From AIDS research to dance choreography, a collection of 31 student projects from across each of UNO's six colleges were on recently on display as part of the 2019 University Honors Program Symposium, which was held on Thursday, April 18, in the Milo Bail Student Center Ballroom.
The event, which celebrates the scholarly and creative work of University Honors Program students as they approach graduation and the completion of their degrees, was attended by a UNO administrators, faculty and staff, as well as family members and supporters.
"The Honors program is truly remarkable here," UNO Chancello Jeffrey P. Gold, M.D. told the crowd at Thursday's symposium. "As I've had the opportunity to walk around and look at some of the poster boards, but, more importantly as I've had the opportunity to meet and talk with some of the faculty and mentors who have guided you, and as I've had the opportunity to meet many of you at the events I've had the honor of participating in over the last couple of years, it's clear this is a truly remarkable group of young women and young men."
Students - both incoming fresmen and current students - have the opportunity to apply to the UNO University Honors Program, which is run by Lucy Morrison, Ph.D.
All told, thousands of UNO students have been a part of the program in its 50-plus year history.
Just some of this year's accomplished students and presentations included:
- Elise Beal - Thesis: "Dance: Music, Movement, and Performance"
- Sam Underwood - Thesis: "Application of Effective Noise Control Strategies in Speech Perception Testing Rooms"
- Simon Saqueton - Thesis: "Once Upon a Time"
- Sophie Clark - Thesis: "Sunday Dinners"
- Tiffany Hunter - Thesis: "Revitalizing the Street of Dreams"
- Mark Carter - Thesis: "Current Challenges Facing Physical Therapists in Urban Nebraska"
- Evan Meduna - Thesis: "Case Manager and Client Relationships for HIV Related Care Services in Rural Areas"
Bachelor of Science in Education, Physical Education
Thesis: "Dance: Music, Movement, and Performance"
Whether it's a stage performance in front of thousands, or a one-on-one therapy session, Elise Beal knows that the human body, mind and soul can be transformed through music and dance.
As a Physical Education major, as well as a Dance Minor student at Creighton University, Elise hopes her years of ballet and choreography experience can be used to improve the lives of individuals experiencing mobility issues.
"Since I am a dancer, physical therapy seemed like a profession that incorporates the mind body connection which I have fostered in dance," she explains.
In her Honors Thesis, the Omaha native details the creative process of choreographing, staging and performing an original piece, which she will be performing on May 5.
"I wanted to highlight an understudied aspect of dance since many people are unaware of the time and planning that goes into developing a piece. My project aimed to bring to light the different aspects that a choreographer has to think of when staging their work."
After graduation, Elise plans to pursue a doctorate in physical therapy at Washington University in St. Louis. Her recommendation for current and future UNO University Honors Program students? Don't be afraid to explore outside your major.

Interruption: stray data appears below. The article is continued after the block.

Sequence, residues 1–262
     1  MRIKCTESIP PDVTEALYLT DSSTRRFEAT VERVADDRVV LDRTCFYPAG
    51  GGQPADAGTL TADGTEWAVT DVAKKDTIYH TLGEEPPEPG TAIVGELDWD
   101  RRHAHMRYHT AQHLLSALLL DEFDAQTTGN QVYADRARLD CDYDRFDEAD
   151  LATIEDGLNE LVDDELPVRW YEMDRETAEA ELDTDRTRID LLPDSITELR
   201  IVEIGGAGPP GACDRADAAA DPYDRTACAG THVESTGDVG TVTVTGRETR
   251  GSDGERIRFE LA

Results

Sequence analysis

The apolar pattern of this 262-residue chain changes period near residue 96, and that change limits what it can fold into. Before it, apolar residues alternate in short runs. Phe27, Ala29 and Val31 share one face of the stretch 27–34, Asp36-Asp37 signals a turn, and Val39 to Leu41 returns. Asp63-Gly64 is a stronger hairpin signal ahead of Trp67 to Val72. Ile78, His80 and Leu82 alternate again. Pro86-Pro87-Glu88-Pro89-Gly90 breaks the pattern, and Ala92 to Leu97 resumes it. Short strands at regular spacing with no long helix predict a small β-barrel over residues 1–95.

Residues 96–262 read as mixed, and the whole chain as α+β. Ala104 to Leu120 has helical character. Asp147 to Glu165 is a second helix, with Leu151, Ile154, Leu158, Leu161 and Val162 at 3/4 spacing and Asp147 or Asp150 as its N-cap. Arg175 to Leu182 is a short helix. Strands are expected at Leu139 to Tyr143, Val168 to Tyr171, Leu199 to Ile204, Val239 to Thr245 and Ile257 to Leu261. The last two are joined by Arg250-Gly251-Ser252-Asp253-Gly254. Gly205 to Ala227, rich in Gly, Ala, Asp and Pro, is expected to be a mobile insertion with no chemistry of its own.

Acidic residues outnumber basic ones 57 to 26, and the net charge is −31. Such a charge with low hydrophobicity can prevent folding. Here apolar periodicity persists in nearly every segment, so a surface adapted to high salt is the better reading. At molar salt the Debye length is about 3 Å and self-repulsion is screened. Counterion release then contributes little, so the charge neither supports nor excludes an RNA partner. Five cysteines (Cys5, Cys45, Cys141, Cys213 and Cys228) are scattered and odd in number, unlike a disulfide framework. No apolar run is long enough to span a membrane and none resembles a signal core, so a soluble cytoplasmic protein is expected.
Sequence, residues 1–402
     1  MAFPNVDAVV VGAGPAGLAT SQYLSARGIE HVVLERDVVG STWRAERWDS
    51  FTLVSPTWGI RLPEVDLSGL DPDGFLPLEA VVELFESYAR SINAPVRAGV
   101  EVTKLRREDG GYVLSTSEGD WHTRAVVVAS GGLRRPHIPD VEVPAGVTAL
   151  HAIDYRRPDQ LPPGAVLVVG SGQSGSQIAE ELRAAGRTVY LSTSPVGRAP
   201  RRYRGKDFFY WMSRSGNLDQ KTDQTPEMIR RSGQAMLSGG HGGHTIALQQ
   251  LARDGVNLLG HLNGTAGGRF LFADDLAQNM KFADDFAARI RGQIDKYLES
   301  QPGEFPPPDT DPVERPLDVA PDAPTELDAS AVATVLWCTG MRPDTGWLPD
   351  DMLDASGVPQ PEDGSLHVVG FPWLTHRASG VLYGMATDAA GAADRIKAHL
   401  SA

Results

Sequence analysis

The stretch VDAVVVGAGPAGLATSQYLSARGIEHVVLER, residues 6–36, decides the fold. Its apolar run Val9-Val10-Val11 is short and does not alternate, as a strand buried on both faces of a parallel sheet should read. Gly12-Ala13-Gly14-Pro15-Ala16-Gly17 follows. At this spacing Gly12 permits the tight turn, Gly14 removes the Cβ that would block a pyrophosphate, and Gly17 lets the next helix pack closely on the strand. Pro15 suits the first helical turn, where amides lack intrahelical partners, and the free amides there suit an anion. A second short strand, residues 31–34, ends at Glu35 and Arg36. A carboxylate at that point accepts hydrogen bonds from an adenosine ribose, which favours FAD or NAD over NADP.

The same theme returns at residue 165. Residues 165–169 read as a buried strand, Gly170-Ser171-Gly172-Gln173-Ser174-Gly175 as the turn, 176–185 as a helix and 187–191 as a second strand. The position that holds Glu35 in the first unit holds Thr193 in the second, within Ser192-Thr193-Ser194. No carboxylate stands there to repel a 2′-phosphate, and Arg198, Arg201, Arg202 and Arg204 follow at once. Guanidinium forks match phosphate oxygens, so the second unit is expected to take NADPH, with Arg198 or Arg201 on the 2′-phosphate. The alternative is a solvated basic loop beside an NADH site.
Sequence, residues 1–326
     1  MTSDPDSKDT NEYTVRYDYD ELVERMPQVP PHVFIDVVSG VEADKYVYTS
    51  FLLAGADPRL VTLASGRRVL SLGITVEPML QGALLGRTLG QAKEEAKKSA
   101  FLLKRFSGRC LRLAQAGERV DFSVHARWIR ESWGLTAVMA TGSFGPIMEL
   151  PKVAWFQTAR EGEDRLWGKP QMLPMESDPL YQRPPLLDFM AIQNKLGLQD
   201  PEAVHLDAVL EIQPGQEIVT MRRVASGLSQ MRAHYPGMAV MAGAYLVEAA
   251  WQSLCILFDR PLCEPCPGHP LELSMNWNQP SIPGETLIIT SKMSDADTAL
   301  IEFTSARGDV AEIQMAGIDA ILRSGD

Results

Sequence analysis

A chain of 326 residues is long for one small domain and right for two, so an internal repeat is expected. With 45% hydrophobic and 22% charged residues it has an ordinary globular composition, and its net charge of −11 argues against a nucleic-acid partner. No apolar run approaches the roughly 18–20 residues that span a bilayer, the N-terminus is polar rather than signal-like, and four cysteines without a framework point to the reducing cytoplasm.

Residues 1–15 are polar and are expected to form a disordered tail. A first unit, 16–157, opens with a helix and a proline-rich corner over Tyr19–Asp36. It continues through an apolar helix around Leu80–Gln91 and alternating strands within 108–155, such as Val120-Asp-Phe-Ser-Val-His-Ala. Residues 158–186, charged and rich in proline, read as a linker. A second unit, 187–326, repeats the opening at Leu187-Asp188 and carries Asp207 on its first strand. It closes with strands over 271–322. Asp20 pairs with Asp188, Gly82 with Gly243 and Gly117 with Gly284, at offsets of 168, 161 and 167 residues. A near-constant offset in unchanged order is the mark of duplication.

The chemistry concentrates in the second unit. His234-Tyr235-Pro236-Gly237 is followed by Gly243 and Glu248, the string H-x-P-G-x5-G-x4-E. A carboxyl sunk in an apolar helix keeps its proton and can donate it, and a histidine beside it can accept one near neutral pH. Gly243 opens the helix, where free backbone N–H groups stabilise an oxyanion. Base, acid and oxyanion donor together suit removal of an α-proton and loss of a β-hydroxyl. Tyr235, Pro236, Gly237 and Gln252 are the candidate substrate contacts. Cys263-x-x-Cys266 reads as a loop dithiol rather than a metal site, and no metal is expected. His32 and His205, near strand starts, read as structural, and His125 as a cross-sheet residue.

"During my fall semester senior year, I took a colloquium course in Omaha Art. The course opened my eyes to the different mediums and styles of art found in Omaha. I would recommend trying courses that interest you in the Honors Program and allow yourself to discover new ways of learning."
Bachelor of Science in Architectural Engineering
Thesis: "Application of Effective Noise Control Strategies in Speech Perception Testing Rooms"
When building a new facility, many may first think about looks or space, but Sam Underwood's mind immediately goes to how a building sounds.
As a student earning a bachelor of science in architectural engineering degree on the UNO campus through UNL's College of Engineering, Sam plans to use his degree as an acoustical consultant in the architectural engineering industry. This means he will ensure the “peace and quiet within our homes, hospital and offices” through the work he does as a consultant.
For his University Honors Program thesis, Sam worked with the team from the Center for Brain, Biology and Behavior beneath UNL's Memorial Stadium.
"The goal of the project was to take acoustical measurements, identify the metrics that are the most useful in determining how suitable a space is for speech perception testing, and make treatment recommendations for the space. A key part of my findings is that speech perception testing standards are rather under-developed, and further research needs to be done on what levels of ambient noise are permissible for speech perception labs."
In addition to his work in the classroom, Sam is a member of multiple student committees and organizations, Sam exemplifies hard-working leadership. Along with his involvement specific to engineering includes his involvement in multiple honor societies including Phi Kappa Phi and Tau Beta Pi (engineering honor society).
For any students who may be just starting their time as a member of the UNO University Honors Program, Sam says that students should use their time in college to "branch out."